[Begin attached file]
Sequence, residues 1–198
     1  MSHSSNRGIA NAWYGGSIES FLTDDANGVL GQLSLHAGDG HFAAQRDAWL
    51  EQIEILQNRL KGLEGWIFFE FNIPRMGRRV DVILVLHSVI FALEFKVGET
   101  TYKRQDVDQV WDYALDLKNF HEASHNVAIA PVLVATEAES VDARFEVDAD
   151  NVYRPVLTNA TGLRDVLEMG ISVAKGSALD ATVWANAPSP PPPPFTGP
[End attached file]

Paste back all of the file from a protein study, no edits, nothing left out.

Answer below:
Sequence, residues 1–198
     1  MSHSSNRGIA NAWYGGSIES FLTDDANGVL GQLSLHAGDG HFAAQRDAWL
    51  EQIEILQNRL KGLEGWIFFE FNIPRMGRRV DVILVLHSVI FALEFKVGET
   101  TYKRQDVDQV WDYALDLKNF HEASHNVAIA PVLVATEAES VDARFEVDAD
   151  NVYRPVLTNA TGLRDVLEMG ISVAKGSALD ATVWANAPSP PPPPFTGP